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Banog-banog

DanceBanog-banog
MeaningHawk
Dance Culture 
Place of OriginTapaz, Capiz
Ethnolinguistic GroupSulod
ClassificationMimetic
Background / Content

As Magellan’s expedition went past the island of Panay in the 16th century, on the way to Cebu, his chronicler Fr. Pigafetta took notice of “painted” people standing on the shores prompting him to call them “pintados”. Probably what he saw were the natives, whose bodies and faces were tattoed (tattoing being the fad then). Four hundred years later the same ‘pintados’ now known also Sulod, Montecas, Mundo, Bukidnon and Bukil inhabit the mountains of Tapaz, the apex where the provinces of Ilo-ilo, Aklan and Capiz meet. Few have survived the onslaught of modernism and those who did still continue to practice long revered traditions which include planting, weaving, black smithing, hunting and enjoy the fat of the land by music and dance.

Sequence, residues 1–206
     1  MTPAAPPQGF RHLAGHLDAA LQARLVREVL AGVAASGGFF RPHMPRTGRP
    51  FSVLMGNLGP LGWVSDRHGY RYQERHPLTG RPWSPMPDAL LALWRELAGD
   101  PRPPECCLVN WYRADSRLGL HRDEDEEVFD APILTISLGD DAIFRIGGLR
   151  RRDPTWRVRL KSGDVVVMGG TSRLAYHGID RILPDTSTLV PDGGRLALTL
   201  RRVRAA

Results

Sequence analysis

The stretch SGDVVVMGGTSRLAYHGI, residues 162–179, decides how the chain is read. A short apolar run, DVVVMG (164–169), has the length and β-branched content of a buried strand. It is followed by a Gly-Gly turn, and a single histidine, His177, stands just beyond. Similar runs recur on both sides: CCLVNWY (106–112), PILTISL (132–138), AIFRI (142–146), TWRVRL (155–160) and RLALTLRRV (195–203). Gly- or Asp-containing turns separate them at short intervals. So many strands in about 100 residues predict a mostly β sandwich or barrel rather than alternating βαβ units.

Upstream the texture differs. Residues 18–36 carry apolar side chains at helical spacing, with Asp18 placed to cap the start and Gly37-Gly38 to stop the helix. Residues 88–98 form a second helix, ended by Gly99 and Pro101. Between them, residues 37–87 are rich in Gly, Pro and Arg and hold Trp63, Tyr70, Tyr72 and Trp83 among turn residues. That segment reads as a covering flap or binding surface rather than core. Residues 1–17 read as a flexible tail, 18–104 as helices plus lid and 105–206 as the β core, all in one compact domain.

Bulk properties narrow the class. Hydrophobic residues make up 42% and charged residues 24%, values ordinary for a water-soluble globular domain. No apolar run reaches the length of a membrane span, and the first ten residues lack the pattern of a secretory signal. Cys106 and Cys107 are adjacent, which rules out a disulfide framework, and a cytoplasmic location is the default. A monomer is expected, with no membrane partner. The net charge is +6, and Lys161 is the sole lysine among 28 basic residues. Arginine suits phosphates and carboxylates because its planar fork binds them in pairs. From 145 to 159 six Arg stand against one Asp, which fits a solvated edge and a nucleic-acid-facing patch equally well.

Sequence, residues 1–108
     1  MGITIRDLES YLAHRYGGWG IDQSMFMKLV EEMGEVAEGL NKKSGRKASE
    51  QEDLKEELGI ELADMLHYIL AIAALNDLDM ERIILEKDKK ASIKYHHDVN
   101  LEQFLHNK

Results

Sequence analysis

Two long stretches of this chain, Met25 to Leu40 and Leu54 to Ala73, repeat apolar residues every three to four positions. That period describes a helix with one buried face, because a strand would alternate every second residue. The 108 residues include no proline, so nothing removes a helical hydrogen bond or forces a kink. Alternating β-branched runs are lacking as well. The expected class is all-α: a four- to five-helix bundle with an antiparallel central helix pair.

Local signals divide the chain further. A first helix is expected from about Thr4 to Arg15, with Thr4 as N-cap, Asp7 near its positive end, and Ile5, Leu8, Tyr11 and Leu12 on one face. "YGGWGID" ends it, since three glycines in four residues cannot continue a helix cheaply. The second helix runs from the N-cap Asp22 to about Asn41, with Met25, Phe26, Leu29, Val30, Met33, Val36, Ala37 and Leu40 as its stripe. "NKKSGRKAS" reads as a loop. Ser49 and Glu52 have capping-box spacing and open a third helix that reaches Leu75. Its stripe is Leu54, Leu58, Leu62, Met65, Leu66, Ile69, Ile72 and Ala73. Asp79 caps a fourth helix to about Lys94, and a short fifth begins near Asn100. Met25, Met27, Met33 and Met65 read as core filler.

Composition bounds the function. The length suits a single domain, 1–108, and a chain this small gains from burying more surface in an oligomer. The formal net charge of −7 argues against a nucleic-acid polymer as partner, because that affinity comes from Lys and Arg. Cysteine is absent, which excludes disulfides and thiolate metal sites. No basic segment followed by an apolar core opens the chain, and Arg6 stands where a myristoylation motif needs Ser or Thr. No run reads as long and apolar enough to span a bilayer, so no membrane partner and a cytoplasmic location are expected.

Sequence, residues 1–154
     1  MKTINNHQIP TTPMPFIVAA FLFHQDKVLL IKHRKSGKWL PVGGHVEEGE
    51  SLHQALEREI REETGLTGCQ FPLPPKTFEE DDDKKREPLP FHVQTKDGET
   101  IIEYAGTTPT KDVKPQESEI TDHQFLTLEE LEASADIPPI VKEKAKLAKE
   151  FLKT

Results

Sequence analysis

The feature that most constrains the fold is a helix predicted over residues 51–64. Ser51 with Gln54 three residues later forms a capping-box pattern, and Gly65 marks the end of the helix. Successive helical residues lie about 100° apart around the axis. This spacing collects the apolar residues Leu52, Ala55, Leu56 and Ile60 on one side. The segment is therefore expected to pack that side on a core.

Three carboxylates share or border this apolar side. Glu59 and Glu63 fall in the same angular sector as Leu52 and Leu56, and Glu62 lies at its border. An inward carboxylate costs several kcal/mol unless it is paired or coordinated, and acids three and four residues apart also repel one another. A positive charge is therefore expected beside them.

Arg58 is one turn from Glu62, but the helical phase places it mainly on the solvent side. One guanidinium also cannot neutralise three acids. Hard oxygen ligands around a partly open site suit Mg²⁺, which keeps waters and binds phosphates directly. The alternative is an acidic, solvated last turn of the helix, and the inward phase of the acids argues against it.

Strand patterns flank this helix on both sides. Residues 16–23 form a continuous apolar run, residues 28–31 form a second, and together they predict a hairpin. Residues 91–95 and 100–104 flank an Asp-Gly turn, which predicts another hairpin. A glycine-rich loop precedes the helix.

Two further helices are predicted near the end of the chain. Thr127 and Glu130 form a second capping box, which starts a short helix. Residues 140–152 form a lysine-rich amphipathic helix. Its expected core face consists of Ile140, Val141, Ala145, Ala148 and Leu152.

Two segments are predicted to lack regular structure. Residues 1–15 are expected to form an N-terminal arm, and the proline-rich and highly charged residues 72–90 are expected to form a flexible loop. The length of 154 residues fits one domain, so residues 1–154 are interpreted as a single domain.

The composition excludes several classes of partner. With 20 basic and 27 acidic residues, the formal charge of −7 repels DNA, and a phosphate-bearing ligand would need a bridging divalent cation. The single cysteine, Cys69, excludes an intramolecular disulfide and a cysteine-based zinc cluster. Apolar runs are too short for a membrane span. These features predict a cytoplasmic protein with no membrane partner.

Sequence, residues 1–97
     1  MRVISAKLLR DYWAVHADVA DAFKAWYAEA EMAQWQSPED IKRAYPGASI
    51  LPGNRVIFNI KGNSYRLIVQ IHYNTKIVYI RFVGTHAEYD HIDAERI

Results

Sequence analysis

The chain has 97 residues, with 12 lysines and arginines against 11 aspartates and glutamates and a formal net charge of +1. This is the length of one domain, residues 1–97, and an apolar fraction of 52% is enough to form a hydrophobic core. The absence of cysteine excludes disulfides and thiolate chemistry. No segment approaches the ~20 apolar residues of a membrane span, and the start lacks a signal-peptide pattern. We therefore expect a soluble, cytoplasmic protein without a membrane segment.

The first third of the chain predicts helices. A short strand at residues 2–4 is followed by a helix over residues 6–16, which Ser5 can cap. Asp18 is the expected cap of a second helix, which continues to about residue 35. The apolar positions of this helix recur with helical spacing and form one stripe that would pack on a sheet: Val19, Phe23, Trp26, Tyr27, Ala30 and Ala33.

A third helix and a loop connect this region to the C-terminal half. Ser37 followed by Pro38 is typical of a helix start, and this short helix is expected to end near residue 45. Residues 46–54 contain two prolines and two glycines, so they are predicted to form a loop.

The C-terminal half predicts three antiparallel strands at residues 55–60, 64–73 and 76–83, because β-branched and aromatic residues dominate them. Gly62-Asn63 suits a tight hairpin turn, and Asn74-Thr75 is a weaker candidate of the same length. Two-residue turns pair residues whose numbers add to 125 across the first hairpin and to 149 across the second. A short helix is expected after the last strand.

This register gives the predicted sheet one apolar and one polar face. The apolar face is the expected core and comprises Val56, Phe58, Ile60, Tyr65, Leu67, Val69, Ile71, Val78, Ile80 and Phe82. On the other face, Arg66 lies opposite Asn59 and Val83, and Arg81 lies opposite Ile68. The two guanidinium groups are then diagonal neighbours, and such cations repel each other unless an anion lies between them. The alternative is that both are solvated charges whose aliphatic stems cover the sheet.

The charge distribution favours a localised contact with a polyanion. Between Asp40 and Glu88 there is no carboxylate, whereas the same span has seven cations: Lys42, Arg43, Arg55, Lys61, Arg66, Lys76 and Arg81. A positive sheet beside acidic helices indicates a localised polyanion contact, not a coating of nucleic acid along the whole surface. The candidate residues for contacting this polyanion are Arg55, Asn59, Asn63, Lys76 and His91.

In 1986 several Mundo tribesmen were invited to Roxas City, Capiz to join in one of the city’s annual
celebrations. The women were impressive in their piña blouse (an Aklan contribution), plaid cotton skirtsan Ilo-ilo influence) and a scarf which proved to be a very important prop in the dance they presented. Strands of silver-coin necklaces (of Queen Isabel and Alfonso XII(vintages) decorated their breasts cascading down their waists. The men were simple in a hand span g-string with no body ornaments. They also used a scarf.Ancient brass gongs and drums lent music to the exotic dance called BANOG-BANOG which imitate the menacing bird of prey – the hawk. Banog-banog’s extraordinary body contursions, contractions, pulls and stretches, in the opinion of some modern dancers, may blend perfectly into Martha Graham’s dance movements.

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